My #1 motto currently is “Don’t do something until you understand what you’re doing“.
Software developers are often tasked with doing something they don’t understand. This is normal in the enterprise world, particularly where “segregation of duties” is fashionable. When requirements are hashed out between business people and requirement engineers, designs between requirement engineers and architects, and implementation concepts between those architects and product responsibles – the developer is mostly invited very late to the party. The developer is put under pressure to deliver by the entire enterprise software delivery apparatus and if the developer then starts asking questions, this invariably is “frowned” upon by the powers that be. This pressure psychology automatically stops developers asking necessary questions and a culture of “just do it” takes over. The results are unsatisfactory for everyone – the delivery quality suffers and developers do not learn and grow as much as they could to satisfy the needs of the larger corporation.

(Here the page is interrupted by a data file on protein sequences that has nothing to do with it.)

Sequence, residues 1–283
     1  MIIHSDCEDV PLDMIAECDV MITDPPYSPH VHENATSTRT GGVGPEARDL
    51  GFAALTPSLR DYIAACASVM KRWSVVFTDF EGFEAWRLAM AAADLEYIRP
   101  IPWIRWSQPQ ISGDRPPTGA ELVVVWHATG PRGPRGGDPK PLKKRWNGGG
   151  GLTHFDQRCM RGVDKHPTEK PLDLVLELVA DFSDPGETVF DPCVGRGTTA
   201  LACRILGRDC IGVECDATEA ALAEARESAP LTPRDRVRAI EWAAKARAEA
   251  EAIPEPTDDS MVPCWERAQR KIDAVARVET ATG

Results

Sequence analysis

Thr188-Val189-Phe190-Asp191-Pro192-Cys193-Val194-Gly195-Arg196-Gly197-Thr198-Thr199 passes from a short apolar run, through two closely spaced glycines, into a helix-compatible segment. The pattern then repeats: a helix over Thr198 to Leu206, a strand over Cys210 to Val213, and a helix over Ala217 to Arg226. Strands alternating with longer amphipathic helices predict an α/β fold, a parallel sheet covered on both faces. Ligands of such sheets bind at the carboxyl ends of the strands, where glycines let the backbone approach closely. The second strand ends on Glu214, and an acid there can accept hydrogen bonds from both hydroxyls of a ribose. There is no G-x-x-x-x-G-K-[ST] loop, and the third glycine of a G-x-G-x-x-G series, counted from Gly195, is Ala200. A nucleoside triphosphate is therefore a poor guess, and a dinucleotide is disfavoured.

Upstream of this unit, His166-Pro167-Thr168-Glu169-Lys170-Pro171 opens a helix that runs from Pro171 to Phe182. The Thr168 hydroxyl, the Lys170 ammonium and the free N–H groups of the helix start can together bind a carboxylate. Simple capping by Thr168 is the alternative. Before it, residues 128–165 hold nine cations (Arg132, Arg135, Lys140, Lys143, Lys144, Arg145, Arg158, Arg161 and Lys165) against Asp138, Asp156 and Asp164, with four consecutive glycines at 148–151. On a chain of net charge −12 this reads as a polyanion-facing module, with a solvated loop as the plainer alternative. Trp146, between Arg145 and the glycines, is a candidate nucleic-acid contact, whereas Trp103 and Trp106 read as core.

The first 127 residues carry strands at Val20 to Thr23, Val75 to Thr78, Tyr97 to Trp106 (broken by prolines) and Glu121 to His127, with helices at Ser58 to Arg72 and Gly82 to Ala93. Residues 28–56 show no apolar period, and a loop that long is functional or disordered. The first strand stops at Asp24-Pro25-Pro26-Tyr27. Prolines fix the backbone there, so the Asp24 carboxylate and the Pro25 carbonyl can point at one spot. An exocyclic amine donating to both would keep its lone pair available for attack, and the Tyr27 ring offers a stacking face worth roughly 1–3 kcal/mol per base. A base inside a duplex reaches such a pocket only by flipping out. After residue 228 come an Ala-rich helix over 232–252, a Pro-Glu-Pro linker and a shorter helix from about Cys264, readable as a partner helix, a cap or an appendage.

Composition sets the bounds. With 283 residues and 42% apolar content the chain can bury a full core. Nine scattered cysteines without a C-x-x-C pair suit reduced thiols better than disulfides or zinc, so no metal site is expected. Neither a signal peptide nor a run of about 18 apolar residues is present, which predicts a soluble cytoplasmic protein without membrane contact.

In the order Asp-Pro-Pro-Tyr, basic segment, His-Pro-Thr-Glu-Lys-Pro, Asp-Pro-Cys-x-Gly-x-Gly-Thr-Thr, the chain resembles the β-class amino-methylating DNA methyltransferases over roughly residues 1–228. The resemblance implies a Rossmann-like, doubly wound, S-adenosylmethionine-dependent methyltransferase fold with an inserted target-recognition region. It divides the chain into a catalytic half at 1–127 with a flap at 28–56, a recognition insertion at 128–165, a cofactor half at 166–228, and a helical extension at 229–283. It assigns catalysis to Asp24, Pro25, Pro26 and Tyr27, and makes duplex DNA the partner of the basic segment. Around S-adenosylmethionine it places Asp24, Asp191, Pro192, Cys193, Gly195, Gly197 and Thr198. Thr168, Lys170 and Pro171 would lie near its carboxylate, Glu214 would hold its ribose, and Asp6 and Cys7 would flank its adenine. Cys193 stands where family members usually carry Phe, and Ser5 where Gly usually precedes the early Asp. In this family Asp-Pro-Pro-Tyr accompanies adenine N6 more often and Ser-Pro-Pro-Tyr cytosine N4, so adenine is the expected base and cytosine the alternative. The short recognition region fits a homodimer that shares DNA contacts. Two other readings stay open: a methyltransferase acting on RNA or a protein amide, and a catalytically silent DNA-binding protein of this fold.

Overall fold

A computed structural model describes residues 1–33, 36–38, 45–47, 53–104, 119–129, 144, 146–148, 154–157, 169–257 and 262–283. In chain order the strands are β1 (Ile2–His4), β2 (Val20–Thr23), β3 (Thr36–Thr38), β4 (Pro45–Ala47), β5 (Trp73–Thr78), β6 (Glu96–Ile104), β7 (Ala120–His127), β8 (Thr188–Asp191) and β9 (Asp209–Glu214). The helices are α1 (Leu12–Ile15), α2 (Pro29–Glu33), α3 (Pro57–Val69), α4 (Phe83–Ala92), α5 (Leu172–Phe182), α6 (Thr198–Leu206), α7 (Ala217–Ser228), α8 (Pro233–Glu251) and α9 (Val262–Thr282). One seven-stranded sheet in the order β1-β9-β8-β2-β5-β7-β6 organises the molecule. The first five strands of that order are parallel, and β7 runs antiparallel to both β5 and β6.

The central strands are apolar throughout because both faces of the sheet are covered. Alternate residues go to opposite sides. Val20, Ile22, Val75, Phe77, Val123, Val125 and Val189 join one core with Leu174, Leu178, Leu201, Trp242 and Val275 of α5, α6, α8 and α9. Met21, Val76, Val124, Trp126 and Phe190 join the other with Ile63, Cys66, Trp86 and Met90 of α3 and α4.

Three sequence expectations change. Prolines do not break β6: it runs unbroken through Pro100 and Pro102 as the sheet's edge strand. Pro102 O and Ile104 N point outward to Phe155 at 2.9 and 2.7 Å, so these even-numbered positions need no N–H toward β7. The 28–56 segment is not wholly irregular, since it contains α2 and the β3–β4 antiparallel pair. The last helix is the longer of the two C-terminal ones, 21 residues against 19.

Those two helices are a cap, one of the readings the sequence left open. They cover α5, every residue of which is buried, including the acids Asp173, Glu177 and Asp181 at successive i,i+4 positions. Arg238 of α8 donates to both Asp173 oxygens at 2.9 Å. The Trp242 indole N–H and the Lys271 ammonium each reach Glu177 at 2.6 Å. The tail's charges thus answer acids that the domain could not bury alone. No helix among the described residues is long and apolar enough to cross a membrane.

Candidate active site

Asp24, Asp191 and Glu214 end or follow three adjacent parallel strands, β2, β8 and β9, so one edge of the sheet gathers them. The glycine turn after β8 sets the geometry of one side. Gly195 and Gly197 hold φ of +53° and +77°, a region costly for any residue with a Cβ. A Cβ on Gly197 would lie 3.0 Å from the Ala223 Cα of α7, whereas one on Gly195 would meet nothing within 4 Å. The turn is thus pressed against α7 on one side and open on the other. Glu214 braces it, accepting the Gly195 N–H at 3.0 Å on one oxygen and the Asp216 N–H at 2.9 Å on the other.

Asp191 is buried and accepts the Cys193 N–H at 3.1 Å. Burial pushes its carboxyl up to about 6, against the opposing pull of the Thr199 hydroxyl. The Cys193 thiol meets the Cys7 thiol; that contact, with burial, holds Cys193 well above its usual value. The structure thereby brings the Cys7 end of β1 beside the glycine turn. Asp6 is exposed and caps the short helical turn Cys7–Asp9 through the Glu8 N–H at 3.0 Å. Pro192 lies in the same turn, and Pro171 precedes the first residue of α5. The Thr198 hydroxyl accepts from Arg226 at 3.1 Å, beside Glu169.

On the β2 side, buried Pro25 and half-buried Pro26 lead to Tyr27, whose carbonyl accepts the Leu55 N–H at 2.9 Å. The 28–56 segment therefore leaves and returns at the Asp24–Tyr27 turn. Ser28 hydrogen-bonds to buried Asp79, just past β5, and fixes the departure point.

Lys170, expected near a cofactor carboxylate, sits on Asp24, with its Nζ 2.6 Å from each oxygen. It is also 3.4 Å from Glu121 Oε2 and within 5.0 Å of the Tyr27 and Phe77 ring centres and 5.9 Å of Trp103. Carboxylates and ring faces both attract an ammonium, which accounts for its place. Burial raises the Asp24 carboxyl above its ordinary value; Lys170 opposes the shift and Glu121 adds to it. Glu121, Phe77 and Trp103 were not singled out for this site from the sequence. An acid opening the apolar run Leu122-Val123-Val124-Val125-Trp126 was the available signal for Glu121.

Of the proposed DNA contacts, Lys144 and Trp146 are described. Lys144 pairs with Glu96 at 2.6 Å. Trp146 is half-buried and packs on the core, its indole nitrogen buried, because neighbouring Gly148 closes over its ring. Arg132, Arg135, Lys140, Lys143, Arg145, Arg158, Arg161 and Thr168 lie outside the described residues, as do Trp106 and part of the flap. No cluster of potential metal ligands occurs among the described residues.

If everyone tried to work by this motto, and let work by this motto, then I’m sure IT projects would be more successful.
Personally i make every effort to really understand what i’m doing, and acting as scrum master or in roles where work is prepared for others, i put making things understandable for others at the top of my agenda.